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Tuberculosis, MTB, or TB (short for tubercle bacillus), in the past also called phthisis, phthisis pulmonalis, or consumption, is a widespread, infectious disease caused by various strains of mycobacteria, usually Mycobacterium tuberculosis.<ref name=Robbins>{{#invoke:citation/CS1|citation |CitationClass=book }}</ref> Tuberculosis typically attacks the lungs, but can also affect other parts of the body. It is spread through the air when people who have an active TB infection cough, sneeze, or otherwise transmit respiratory fluids through the air.<ref name=AP>{{#invoke:Citation/CS1|citation |CitationClass=journal }}</ref> Most infections do not have symptoms, known as latent tuberculosis. About one in ten latent infections eventually progresses to active disease which, if left untreated, kills more than 50% of those so infected.

The classic symptoms of active TB infection are a chronic cough with blood-tinged sputum, fever, night sweats, and weight loss (the last of these giving rise to the formerly common term for the disease, "consumption"). Infection of other organs causes a wide range of symptoms. Diagnosis of active TB relies on radiology (commonly chest X-rays), as well as microscopic examination and microbiological culture of body fluids. Diagnosis of latent TB relies on the tuberculin skin test (TST) and/or blood tests. Treatment is difficult and requires administration of multiple antibiotics over a long period of time. Household, workplace and social contacts are also screened and treated if necessary. Antibiotic resistance is a growing problem in multiple drug-resistant tuberculosis (MDR-TB) infections. Prevention relies on early detection and treatment of cases and on screening programs and vaccination with the bacillus Calmette-Guérin vaccine.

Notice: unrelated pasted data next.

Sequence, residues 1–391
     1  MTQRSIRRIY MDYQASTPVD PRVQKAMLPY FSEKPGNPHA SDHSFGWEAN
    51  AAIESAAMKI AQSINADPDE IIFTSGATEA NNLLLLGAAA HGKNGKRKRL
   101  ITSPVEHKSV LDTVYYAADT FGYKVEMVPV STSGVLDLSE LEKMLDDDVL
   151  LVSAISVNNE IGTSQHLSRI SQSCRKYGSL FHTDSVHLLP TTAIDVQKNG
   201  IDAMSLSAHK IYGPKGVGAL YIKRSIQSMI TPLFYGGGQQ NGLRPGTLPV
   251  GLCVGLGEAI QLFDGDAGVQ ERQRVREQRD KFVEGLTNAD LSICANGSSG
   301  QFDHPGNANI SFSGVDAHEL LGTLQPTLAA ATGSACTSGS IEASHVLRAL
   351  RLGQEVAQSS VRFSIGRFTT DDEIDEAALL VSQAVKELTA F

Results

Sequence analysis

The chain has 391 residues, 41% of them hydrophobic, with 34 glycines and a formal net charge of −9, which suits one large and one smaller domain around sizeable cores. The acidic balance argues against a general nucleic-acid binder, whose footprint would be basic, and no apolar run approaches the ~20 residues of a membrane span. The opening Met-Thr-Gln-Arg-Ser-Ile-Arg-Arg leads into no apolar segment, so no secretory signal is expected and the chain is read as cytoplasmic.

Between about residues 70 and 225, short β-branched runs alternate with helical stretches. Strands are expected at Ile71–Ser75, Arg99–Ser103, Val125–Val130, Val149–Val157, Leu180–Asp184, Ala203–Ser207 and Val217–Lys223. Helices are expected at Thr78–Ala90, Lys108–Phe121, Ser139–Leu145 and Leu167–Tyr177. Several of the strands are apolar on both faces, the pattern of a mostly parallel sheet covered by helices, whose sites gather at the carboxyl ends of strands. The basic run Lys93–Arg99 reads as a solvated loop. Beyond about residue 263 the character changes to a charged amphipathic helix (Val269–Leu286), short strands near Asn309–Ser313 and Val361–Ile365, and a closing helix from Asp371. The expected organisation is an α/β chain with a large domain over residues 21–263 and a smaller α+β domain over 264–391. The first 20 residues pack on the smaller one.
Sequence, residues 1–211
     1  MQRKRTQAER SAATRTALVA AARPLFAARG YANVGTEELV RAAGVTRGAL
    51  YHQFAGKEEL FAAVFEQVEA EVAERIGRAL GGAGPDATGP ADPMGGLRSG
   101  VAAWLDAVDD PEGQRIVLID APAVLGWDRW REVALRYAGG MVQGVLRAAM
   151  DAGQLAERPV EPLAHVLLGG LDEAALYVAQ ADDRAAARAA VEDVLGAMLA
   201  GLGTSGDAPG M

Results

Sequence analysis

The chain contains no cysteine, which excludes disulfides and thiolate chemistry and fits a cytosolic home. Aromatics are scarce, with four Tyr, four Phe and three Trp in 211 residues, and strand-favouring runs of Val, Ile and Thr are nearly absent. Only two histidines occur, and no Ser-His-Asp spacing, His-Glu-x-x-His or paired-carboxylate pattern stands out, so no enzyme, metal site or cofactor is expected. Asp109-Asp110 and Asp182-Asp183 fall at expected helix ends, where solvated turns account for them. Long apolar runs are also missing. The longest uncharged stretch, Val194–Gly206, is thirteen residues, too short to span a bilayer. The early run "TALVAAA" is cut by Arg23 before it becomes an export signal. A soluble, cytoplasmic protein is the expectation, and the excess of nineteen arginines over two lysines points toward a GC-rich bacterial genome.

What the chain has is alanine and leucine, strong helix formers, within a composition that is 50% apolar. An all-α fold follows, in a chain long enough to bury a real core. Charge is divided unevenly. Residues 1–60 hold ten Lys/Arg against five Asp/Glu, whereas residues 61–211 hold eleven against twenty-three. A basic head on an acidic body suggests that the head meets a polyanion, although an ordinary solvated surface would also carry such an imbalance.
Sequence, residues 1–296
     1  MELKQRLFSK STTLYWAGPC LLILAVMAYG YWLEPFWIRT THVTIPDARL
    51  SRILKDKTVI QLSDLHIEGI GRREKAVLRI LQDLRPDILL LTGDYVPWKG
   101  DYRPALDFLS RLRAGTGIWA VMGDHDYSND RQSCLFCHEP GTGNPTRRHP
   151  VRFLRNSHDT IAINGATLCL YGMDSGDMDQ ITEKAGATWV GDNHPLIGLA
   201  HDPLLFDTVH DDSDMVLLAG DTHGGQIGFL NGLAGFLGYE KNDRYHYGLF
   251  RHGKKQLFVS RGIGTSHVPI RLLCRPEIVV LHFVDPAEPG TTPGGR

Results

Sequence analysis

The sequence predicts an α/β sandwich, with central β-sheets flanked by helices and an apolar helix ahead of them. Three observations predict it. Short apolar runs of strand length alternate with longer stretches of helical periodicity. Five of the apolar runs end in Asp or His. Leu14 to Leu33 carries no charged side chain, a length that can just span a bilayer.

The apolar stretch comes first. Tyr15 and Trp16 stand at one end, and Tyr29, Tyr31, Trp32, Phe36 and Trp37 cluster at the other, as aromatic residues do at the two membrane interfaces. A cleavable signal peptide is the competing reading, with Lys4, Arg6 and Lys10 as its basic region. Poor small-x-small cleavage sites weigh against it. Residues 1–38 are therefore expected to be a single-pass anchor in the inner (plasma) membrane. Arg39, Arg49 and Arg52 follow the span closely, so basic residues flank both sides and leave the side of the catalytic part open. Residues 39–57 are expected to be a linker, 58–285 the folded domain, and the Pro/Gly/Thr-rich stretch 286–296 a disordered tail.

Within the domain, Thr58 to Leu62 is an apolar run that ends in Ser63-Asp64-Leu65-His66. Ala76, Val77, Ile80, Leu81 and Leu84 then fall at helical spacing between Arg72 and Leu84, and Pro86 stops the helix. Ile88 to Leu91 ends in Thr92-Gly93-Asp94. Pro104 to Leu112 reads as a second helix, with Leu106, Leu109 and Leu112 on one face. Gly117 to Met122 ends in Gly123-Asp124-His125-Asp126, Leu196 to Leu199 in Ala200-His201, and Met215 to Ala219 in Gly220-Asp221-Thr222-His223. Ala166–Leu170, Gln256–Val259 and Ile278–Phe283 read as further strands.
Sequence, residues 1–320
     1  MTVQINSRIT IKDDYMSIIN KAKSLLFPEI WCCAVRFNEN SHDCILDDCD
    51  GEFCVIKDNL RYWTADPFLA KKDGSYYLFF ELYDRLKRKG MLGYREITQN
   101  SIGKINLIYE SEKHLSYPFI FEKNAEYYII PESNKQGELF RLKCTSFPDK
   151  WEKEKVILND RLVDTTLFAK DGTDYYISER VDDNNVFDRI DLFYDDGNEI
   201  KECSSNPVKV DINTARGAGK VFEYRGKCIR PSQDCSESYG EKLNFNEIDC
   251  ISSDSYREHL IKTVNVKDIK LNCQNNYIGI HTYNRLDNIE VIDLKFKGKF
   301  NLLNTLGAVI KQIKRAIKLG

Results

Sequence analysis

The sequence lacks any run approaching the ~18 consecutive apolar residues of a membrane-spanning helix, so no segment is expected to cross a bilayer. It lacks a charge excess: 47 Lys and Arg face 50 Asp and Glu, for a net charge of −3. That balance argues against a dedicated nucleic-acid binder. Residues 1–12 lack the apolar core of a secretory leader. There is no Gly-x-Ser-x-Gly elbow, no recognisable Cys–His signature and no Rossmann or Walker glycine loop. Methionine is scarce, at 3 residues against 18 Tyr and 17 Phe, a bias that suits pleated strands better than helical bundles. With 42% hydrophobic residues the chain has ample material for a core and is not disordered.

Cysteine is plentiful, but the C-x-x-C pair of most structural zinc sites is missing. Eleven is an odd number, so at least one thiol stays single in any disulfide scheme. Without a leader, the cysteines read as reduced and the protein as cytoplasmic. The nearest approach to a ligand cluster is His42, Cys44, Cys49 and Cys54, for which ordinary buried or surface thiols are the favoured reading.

One-third of the world's population is thought to have been infected with M. tuberculosis,<ref name=WHO2012data>{{#invoke:citation/CS1|citation |CitationClass=web }}</ref> and new infections occur in about 1% of the population each year.<ref name=WHO2002>{{#invoke:citation/CS1|citation |CitationClass=web }}</ref> In 2007, an estimated 13.7 million chronic cases were active globally,<ref name=WHO2009-Epidemiology>{{#invoke:citation/CS1|citation |CitationClass=book }}</ref> while in 2013, an estimated 9 million new cases occurred.<ref name=WHO2014/> In 2013 there were between 1.3 and 1.5 million associated deaths,<ref name=WHO2014>{{#invoke:citation/CS1|citation |CitationClass=web }}</ref><ref name=GBD204>{{#invoke:Citation/CS1|citation |CitationClass=journal }}</ref> most of which occurred in developing countries.<ref name=WHO2011>{{#invoke:citation/CS1|citation |CitationClass=web }}</ref> The total number of tuberculosis cases has been decreasing since 2006, and new cases have decreased since 2002.<ref name=WHO2011/> The rate of tuberculosis in different areas varies across the globe; about 80% of the population in many Asian and African countries tests positive in tuberculin tests, while only 5–10% of the United States population tests positive.<ref name=Robbins/> More people in the developing world contract tuberculosis because of a poor immune system, largely due to high rates of HIV infection and the corresponding development of AIDS.<ref name=Lancet11/>


Tuberculosis sections
Intro  Signs and symptoms  Causes  Mechanism  Diagnosis  Prevention  Management  Prognosis  Epidemiology  History  Society and culture  Research  Other animals  References  External links  

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